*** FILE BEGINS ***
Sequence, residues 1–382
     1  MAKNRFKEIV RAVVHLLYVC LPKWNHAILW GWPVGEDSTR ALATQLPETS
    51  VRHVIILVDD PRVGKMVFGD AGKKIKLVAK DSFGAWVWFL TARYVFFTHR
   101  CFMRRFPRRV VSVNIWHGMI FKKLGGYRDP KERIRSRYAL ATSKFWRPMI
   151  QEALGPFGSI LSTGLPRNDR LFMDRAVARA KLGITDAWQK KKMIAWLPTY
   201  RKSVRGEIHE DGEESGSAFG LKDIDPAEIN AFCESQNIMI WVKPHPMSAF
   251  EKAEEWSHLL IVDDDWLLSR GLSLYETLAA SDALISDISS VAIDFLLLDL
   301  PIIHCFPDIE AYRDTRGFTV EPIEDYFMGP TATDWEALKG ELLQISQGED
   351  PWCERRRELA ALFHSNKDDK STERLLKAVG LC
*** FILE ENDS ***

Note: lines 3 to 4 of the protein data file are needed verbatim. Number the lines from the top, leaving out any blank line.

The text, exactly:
    51  VRHVIILVDD PRVGKMVFGD AGKKIKLVAK DSFGAWVWFL TARYVFFTHR
   101  CFMRRFPRRV VSVNIWHGMI FKKLGGYRDP KERIRSRYAL ATSKFWRPMI